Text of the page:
After having done this for two decades, it should not surprise me but it always does how myths about the causes and determinants of election results get propagated so quickly. The general election runoff of the 2006 mayor’s race appears to be no exception.

One myth appears to come from political convenience. From his concession speech on, Lt. Gov. Mitch Landrieu has asserted that, from his perspective, the best things about his defeat was that it demonstrated the building of multiracial coalitions with crossover appeal.

In an absolute sense, that’s ridiculous. A number of politicians have shown far greater crossover appeal (like this guy’s wins). But even if we start to put qualifiers in play, Landrieu makes quite a reach for us to buy that.

Let’s narrow the scope of the claim, to say that for a race where you had a white and black candidate in the deep South this showed relatively high cross-racial voting. All right, best we can tell (no surveys yet having been done) from surrogate voting results data and weekly registration reports, the division was in the neighborhood of 80/20 – 80 percent of whites voted for the white Landrieu, 80 percent of racial minorities voted for the black reelected Ray Nagin. That’s still around 4:1, and considering both ran as Democrats, not really remarkable.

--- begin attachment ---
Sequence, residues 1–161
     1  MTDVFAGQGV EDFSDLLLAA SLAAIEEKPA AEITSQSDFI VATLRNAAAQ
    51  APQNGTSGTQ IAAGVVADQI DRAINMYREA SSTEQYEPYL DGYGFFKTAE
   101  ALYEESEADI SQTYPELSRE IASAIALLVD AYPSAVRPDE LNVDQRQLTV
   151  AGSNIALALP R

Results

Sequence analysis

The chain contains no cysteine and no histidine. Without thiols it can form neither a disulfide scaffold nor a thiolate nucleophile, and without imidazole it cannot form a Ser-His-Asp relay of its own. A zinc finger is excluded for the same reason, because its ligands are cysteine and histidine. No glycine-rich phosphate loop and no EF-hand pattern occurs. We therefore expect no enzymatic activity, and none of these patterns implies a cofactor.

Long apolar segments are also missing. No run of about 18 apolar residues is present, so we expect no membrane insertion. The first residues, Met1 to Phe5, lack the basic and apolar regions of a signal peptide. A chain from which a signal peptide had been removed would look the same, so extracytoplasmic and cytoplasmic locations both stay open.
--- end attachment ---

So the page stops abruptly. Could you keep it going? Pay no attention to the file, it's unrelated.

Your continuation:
In 1994, I conducted an exit poll concerning the Shreveport’s mayor’s runoff which was between a black Democrat and a white Republican. About 14 percent of white voters voted for the Democrat, while around 7 percent of black voters went for the Republican. Had both been Democrats, it’s possible crossover voting would have been higher. So it’s hard to argue that Saturday’s results in New Orleans reveal either candidate, absolutely or relatively, had some unusual crossover appeal.

Landrieu probably wished to have this established as conventional wisdom for his (and his family’s) political future. Landrieus will look less viable as candidates unless they create an expectation as Democrats that they can appeal to all racial segments of the party or electorate. Otherwise, white candidates who have a greater appeal or minority candidates become more likely to challenge them.

Another myth probably is more one of ignorance, that voting patterns show this election was “not unusual” that it was about “leadership” and that Landrieu failed to ideologically “distinguish himself from the opposition, from the incumbent.” (Note to reporters: just because you are a demographer does not make you in any way knowledgeable in understanding elections. Trust me, I’ve seen it time and time again.)